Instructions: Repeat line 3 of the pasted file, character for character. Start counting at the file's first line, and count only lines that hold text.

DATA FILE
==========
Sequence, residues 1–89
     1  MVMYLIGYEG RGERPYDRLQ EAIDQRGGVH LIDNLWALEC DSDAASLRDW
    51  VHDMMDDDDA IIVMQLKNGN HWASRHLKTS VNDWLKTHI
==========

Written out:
    51  VHDMMDDDDA IIVMQLKNGN HWASRHLKTS VNDWLKTHI